In spite of the excellent animal spirits of Brazilian entrepreneurs, we fear that the growth of Government in this decade – just like between 1930 and 1955 – might have a major long-term negative impact on the economy. A country where the young population is choosing clearly the absence of challenge and the lack of dynamism of public employment – as opposed to the period 1955-1980, when the opposite was true – has something wrong. Brazil might become a big Uruguay in the near future, full of retired public employees with excellent salaries due to their foundations, and with an “active economic population” with absolutely no drive to work. The old Portuguese tradition of public employment seems to be winning again, in contrast to the Anglo-Saxon drive which – for some reason – fed somewhat the Brazilian entrepreneurs between 1955 and 1980.
A Bundesbank is not a sufficient condition for good economic growth and low inflation, even though it certainly is a necessary condition. Look at Germany. Brazil really needs a capitalistic shock, something that in fact has never happened on a continuous fashion, not even in 1955-1980. One should mention three interesting attempts: 1967-1971: dozens of IPOs followed by a major stock market crash; the wave of privatizations between 1991 and 1999, clearly incomplete (without Petrobras and Banco do Brasil); and another round of IPOs between 2005 and 2007 which stopped entirely this year.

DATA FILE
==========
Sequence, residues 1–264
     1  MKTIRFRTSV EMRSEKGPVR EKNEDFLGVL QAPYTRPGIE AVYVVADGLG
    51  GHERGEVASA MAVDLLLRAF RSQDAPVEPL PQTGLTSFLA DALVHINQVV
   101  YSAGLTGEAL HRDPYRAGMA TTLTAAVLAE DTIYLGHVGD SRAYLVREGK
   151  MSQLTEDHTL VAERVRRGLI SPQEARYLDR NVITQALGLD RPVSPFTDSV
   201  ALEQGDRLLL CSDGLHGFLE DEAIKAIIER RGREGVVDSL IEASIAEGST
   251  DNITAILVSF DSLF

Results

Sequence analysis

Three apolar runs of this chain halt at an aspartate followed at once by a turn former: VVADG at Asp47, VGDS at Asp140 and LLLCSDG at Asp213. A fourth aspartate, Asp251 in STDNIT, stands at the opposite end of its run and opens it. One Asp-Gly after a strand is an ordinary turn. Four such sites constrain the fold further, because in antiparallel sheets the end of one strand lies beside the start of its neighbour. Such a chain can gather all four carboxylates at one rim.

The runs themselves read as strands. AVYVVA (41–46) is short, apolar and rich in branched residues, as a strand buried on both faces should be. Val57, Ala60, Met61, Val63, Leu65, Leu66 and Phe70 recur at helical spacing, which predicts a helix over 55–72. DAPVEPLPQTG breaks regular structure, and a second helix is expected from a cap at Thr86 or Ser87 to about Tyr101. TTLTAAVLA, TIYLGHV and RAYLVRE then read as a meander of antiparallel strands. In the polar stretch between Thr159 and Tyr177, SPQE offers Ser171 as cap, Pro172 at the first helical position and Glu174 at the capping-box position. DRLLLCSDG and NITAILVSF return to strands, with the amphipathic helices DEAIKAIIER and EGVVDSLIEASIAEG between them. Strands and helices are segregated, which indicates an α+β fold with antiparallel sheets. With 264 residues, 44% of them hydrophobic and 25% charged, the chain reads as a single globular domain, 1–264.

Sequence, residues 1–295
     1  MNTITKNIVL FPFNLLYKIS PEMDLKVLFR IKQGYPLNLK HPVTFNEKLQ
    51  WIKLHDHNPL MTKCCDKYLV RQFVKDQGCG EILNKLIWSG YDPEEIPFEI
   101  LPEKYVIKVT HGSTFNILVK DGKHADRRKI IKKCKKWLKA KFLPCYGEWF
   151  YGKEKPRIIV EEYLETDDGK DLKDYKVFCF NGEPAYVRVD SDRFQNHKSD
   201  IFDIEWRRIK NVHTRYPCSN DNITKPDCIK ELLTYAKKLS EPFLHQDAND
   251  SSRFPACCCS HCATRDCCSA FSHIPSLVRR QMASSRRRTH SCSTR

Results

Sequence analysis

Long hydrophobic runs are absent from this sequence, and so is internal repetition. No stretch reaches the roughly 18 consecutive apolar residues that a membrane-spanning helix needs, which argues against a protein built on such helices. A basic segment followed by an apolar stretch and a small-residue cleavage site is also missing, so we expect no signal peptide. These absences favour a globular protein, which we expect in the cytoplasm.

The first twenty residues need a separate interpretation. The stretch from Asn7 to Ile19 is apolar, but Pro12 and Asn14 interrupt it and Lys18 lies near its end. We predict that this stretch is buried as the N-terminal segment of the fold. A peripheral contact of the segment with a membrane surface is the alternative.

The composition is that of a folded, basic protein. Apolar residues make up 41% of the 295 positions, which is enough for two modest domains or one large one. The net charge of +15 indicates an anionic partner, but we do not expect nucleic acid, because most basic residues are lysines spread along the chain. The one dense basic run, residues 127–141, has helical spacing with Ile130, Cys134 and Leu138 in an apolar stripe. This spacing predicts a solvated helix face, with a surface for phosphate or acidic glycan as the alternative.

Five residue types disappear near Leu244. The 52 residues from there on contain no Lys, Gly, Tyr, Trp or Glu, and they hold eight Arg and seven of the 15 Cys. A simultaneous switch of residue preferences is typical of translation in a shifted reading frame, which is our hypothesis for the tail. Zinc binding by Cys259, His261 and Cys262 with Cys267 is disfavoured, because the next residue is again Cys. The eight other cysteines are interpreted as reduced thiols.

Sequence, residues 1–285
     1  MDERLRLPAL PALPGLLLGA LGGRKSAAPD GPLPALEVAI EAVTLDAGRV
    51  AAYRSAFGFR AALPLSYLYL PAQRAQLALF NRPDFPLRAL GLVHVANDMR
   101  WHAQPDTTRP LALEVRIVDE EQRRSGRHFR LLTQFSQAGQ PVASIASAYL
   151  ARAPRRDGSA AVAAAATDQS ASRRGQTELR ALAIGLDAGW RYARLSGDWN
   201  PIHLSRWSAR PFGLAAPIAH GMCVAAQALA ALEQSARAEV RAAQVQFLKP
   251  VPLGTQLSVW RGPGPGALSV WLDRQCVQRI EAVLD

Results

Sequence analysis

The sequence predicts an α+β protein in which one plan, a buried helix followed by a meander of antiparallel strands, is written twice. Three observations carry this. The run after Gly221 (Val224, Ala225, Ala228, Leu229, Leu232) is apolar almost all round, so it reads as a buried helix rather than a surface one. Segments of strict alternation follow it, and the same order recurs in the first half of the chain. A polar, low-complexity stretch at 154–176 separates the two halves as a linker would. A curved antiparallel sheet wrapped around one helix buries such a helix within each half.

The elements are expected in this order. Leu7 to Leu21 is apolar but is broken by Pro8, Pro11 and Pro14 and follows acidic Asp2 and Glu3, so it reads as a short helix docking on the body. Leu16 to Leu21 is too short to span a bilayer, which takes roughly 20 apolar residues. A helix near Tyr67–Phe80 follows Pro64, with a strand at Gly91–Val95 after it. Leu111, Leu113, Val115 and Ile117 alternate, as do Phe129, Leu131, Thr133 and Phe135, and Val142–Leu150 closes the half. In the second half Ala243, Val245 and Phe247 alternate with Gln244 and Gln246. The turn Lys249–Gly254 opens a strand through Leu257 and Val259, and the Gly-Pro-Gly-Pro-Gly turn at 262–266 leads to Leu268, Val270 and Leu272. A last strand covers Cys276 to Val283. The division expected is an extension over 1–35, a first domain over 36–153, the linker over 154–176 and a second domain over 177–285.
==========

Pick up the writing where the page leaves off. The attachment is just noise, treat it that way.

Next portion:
Neither politicians nor businessmen nor newspapers nor the public in general like to talk about profits and wealth in Brazil – in contrast to the USA. On the contrary, the ones that present themselves as billionaires tend to be disliked by the population – and are not highly regarded.
Another aspect that is clearly incomprehensible is the maintenance of exchange rate controls. It is terrible difficult to make simple investments in Brazilian securities, not to mention the trade bureaucratic barriers. This is particularly difficult to understand in the XXI century when Brazil accumulated huge international reserves but maintained basically a “closed” economy full of tariffs and bureaucratic fears of foreign exchange evasion whatever than means.
When Adam Smith wrote “The Wealth of Nations” in 1776, he explained very clearly the difference between Brazil and the United States as far as colonization was concerned, just by considering the religious differences between Portugal and England. Again, in the XIX century, Brazil stagnated for 100 years while the USA grew dramatically for the same reasons indicated by Adam Smith. And it seems that now in the XXI century, Brazil again is becoming a big Portugal (or Uruguay). The paradise for public employment. Frankly: not very exciting. Let us not be fooled by short-term good macroeconomic figures.
To complete the non-capitalistic cycle of the last 78 years, we have now Lula repeating Vargas. “O petróleo é nosso”. The oil is ours. Estatization of the so-called pre-salt oil in very deep waters. Difficult to believe and to understand. And things like that certainly affect the drive that normally businessmen would have in favor of Brazil as opposed to Russia ( dictatorship and wild capitalism), China ( communist country), and India (with castes and religious old-fashioned traditions). A pity.